Editor’s note: This profile of Connecticut Superior Court Judge Robert Devlin Jr. is part of a series of interviews with judges and recently retired jurists.
Calling himself a “hard science guy” who was always interested in math and science, Superior Court Judge Robert Devlin Jr. did not take an interest in becoming an attorney until he was 20 years old.
But thanks to many mentors in the legal profession—and his mother who was an avid reader—Devlin pursued law and quickly rose through the ranks. He graduated from the University of Connecticut School of Law in 1975 and worked in private practice for three years until becoming a public defender in New Haven for one year. After working as a public defender—a role that Devlin said help make him into a better lawyer and judge—he worked eight years as a prosecutor under then-State’s Attorney Arnold Markle, one of his many legal mentors and heroes.
Devlin was a federal prosecutor for the U.S. Department of Justice, before his 1992 appointment to Superior Court judge and his current role as presiding judge in Bridgeport Superior Court, criminal division.
Although he only worked one year as a public defender, Devlin said that experience had a deep impact on him as a person, a lawyer and then, ultimately, as a judge.
Devlin, who grew up in the New Haven area and came from a lower- to middle-class background, told the Connecticut Law Tribune on Tuesday that while working those 12 months as a public defender he came to realize “just how many really poor people there are in our society.”
“That really affected me,” he said.
Known by his peers for his caring and patient tone in the courtroom, Devlin said that as a public defender, he saw first-hand the goodness of people.
“There [was] a group of Quaker women in court everyday, and they acted as a resource for people, to give those in trouble support,” he said. “Their goodness just oozed out of them.”
That experience, albeit a brief one, made him the jurist he is today, Devlin said.
“I tried jury cases, got in the arena, rolled up my sleeves and did the best I could,” the Shelton resident said. “To be perfectly frank, it takes a lot of guts to stand in front of a jury when your client’s liberty is on the line. I’m so glad I had that experience.”
While Devlin said he tries every day “to be fair and consistent,” those who know him and have seen him behind the bench said he does all that and more.
“He is, by far, the gold standard for judges,” said Connecticut Supreme Court Justice Maria Kahn. “He was the person I could always count on to go for sound advice. He is so knowledgeable about the law and has this incredible ability to take any issue and calmly analyze it.”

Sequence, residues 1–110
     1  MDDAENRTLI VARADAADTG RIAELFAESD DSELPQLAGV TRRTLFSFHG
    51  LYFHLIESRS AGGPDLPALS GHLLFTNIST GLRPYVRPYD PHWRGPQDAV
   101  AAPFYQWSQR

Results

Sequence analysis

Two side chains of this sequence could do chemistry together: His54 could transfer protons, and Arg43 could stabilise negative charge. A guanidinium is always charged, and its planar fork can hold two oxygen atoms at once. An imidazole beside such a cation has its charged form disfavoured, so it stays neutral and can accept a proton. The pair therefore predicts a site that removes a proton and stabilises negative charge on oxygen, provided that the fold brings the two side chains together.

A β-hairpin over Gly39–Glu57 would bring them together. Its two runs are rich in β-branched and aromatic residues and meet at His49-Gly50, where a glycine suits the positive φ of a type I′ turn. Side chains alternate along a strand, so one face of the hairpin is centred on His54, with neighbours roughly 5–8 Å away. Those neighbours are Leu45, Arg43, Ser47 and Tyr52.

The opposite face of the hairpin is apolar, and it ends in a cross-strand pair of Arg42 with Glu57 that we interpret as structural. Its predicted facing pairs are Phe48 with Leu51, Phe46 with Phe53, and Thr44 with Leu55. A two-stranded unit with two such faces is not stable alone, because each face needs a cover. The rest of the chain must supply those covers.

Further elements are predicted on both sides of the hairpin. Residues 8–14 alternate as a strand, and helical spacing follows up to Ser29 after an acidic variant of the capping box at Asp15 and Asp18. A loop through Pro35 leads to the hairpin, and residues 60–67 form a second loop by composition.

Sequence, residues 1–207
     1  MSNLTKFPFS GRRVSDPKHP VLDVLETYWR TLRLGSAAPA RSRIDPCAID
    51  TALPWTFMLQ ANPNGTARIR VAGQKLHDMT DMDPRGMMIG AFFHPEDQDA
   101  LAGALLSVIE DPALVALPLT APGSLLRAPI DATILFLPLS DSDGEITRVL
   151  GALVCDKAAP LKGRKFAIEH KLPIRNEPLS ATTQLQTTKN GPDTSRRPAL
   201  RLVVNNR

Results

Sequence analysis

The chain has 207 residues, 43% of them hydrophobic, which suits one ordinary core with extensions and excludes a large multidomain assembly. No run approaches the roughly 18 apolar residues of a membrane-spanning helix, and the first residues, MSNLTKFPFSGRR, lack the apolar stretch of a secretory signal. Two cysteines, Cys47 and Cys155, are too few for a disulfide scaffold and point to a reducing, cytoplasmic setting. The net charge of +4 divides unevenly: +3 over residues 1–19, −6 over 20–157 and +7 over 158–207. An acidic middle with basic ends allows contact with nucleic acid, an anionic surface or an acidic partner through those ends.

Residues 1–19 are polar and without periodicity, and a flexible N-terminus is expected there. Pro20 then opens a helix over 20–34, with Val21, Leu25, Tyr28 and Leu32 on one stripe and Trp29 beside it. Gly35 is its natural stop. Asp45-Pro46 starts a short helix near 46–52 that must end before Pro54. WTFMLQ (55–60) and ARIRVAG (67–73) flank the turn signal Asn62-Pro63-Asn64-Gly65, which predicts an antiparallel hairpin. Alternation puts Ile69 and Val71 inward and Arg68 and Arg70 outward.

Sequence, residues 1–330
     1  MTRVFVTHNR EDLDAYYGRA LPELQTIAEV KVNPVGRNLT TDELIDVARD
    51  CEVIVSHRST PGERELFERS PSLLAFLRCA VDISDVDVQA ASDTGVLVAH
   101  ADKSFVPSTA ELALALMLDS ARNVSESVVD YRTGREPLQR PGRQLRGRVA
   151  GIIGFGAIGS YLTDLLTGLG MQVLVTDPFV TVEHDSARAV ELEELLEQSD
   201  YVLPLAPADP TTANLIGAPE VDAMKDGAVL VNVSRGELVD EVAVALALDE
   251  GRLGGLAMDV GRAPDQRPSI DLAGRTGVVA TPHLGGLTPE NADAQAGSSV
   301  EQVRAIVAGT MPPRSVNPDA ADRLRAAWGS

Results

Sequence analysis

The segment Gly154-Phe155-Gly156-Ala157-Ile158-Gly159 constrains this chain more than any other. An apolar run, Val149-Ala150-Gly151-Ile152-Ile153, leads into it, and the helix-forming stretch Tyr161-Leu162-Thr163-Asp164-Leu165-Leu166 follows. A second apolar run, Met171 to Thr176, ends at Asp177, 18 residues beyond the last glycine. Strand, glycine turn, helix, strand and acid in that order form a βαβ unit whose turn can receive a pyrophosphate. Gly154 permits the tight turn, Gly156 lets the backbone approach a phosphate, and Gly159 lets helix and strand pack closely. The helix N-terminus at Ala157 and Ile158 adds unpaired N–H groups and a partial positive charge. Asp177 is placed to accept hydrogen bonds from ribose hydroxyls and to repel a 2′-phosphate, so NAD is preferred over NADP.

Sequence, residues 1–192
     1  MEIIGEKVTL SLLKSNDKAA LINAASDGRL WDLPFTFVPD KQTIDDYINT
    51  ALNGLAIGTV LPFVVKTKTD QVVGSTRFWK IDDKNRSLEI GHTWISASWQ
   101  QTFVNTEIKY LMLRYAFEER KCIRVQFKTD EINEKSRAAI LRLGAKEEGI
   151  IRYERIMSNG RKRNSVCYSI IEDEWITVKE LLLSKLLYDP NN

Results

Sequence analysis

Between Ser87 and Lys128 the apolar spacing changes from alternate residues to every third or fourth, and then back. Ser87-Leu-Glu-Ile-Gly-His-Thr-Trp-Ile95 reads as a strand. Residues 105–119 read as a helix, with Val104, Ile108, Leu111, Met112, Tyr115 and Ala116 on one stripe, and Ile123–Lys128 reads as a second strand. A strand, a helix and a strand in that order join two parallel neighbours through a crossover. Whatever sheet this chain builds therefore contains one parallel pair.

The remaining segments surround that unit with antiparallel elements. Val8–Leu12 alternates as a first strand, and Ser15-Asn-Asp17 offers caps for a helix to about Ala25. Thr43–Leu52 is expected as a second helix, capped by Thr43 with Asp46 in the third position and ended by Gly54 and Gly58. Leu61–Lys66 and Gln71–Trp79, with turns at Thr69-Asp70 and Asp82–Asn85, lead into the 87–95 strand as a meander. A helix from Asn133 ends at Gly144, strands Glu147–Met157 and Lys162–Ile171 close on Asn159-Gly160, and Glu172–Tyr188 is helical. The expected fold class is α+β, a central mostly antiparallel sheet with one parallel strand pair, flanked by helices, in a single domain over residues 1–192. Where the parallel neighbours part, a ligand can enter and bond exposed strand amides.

Kahn continued: “His temperament, both on and off the bench, is exemplary. If you watched him on the bench, as I had the pleasure of doing, you become very impressed. I try to model him. He is very patient in trying to understand the concerns and fears of litigants.”
Devlin has presided over several well-publicized and notable cases. They included the murder trial of New London attorney Beth Carpenter, who was convicted of arranging the murder-for-hire of her brother-in-law; the death-penalty trial of Russell Peeler, who arranged for the murder of a mother and child whom he believed were slated to testify against him in a drug case; and the death-penalty trial of Christopher DiMeo, who was convicted of murdering the husband-and-wife owners of a jewelry store.
The most emotional and gut-wrenching case he ever tried, though, did not get the fanfare of the media spotlight. Devlin gets emotional just talking about the case.
It involved a Japanese exchange student who was picked at random by two men following her in her car. They ended up putting the woman in her car trunk until they got to a secluded part of Woodbridge where they repeatedly sexually assaulted her before beating her with a rock.
“Her testimony was vivid. It had no adverbs and she told a chilling story in court,” Devlin recalled. “You felt this woman’s pain flood the courtroom. I’ve never had that experience in a courtroom. It was really chilling. She had a night of stark terror and everyone in the courtroom knew it.” The two suspects each got 70-year prison sentences after a jury trial.
Devlin said his career, which will end as a Superior Court judge in two years when he reaches the mandatory retirement age of 70, was molded by many people. First among them were his parents, particularly his mother Beryl Devlin.
“She read a book a week, and it rubbed off on me.” he said. “A big part of life is self-learning and the great thing about being a lawyer and a judge is that it makes you learn. I got my love of reading from my mother and my grandmother.”
Devlin is an adjunct professor at Naugatuck Valley Community College. He’s authored a textbook for his litigation class at the college.